I may buy stock in a bus manufacturer at this rate (SEE: Billionaire Mercer Throws Milo Yiannopoulos Under the Bus).
Politico has just published this excerpt from Donna Brazile's new book, Hacks: The Inside Story of the Break-ins and Breakdowns that Put Donald Trump in the White House. Brazile claims Hillary rigged the DNC system:
I had tried to search out any other evidence of internal corruption that would show that the DNC was rigging the system to throw the primary to Hillary, but I
could not find any in party affairs or among the staff. I had gone department by department, investigating individual conduct for evidence of skewed decisions, and I was happy to see that I had found none. Then I found this agreement.
The funding arrangement with HFA and the victory fund agreement was not illegal, but it sure looked unethical. If the fight had been fair, one campaign would not have control of the party before the voters had decided which one they wanted to lead. This was not a criminal act, but as I saw it, it compromised the party’s integrity....
I had to keep my promise to Bernie. I was in agony as I dialed him. Keeping this secret was against everything that I stood for, all that I valued as a woman and as a public servant.
“Hello, senator. I’ve completed my review of the DNC and I did find the cancer,” I said. “But I will not kill the patient.”
I told Bernie I had found Hillary’s Joint Fundraising Agreement. I explained that the cancer was that she had exerted this control of the party long before she became its nominee. Had I known this, I never would have accepted the interim chair position, but here we were with only weeks before the election.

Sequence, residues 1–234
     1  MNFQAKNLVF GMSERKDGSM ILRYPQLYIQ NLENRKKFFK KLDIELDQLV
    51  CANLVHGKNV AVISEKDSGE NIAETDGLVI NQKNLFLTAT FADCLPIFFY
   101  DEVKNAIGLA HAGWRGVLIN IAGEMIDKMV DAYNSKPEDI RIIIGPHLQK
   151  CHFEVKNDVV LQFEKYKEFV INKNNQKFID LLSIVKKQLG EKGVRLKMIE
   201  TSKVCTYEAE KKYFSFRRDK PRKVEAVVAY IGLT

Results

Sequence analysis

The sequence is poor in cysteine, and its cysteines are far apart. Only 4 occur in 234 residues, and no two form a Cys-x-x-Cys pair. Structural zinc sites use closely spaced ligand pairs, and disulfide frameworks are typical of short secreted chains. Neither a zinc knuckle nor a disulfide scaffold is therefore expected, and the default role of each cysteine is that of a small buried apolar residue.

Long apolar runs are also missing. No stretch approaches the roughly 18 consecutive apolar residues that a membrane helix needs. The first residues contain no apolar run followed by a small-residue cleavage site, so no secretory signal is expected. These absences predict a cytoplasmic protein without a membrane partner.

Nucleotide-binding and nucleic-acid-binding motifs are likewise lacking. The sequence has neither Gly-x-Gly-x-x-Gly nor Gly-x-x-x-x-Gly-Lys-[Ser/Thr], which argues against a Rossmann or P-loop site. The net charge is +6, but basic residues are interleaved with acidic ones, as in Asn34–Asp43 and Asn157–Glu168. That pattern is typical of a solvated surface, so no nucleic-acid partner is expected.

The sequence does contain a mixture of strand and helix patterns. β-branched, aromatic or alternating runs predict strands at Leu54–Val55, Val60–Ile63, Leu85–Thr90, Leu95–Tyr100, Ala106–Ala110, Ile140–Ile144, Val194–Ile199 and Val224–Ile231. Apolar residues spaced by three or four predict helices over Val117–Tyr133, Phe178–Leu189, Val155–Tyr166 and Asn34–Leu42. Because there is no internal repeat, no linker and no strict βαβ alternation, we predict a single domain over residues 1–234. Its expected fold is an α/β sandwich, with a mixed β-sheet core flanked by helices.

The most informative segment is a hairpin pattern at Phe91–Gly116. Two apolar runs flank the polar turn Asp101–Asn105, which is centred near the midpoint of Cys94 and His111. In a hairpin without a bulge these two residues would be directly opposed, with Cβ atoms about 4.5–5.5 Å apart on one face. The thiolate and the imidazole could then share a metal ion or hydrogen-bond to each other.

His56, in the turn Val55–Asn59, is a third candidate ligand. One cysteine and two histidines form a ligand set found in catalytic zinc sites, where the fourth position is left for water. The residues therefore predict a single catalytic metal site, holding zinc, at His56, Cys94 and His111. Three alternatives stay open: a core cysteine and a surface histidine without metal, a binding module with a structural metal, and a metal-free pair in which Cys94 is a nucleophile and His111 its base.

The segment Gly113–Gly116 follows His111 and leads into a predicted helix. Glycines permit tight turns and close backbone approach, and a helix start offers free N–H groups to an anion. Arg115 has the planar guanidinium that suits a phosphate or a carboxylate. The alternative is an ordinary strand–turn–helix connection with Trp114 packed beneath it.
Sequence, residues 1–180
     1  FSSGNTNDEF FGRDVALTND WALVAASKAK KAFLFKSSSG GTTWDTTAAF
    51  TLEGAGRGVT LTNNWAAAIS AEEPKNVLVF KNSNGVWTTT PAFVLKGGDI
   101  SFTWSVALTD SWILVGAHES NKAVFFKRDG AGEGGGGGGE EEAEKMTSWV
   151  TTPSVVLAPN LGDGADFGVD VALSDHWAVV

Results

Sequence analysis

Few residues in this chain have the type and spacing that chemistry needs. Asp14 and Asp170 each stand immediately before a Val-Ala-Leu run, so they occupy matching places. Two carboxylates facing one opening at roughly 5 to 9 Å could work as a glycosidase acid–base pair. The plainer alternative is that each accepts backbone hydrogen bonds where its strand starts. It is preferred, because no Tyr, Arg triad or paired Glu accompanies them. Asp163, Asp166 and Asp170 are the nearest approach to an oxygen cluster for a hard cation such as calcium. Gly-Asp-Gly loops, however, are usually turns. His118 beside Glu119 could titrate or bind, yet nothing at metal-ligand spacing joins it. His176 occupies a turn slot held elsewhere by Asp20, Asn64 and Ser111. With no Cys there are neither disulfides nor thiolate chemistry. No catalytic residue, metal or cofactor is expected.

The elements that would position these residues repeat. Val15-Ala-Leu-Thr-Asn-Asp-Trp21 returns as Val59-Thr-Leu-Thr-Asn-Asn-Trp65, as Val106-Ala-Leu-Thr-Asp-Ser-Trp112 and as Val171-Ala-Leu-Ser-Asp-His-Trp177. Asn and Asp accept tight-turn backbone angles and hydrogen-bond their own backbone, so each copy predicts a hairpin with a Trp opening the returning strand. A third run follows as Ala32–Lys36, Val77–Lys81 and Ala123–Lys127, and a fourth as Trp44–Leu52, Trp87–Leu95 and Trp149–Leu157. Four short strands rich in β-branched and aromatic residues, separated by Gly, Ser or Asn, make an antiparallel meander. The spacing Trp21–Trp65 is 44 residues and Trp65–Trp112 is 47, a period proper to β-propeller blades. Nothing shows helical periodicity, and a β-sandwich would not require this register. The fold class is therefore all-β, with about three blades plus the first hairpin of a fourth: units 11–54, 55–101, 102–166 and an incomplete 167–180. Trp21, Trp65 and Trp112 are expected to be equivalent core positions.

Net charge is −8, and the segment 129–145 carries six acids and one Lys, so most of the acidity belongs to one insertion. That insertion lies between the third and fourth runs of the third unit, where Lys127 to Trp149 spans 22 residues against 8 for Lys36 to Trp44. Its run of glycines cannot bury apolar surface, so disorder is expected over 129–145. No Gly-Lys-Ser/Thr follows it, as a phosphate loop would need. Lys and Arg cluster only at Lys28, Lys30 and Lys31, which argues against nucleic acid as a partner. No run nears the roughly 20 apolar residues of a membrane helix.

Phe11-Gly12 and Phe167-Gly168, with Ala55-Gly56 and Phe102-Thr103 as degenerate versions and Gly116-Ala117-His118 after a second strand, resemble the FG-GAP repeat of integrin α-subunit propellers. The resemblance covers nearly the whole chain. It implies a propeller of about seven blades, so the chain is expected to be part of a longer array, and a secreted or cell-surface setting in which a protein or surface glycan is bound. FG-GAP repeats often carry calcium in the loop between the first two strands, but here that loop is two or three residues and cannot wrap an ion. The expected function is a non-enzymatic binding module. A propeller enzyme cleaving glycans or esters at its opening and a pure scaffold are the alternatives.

Bernie took this stoically. He did not yell or express outrage. Instead he asked me what I thought Hillary’s chances were. The polls were unanimous in her winning but what, he wanted to know, was my own assessment?
I had to be frank with him. I did not trust the polls, I said. I told him I had visited states around the country and I found a lack of enthusiasm for her everywhere. I was concerned about the Obama coalition and about millennials.
I urged Bernie to work as hard as he could to bring his supporters into the fold with Hillary, and to campaign with all the heart and hope he could muster. He might find some of her positions too centrist, and her coziness with the financial elites distasteful, but he knew and I knew that the alternative was a person who would put the very future of the country in peril. I knew he heard me. I knew he agreed with me, but I never in my life had felt so tiny and powerless as I did making that call.
When I hung up the call to Bernie, I started to cry, not out of guilt, but out of anger.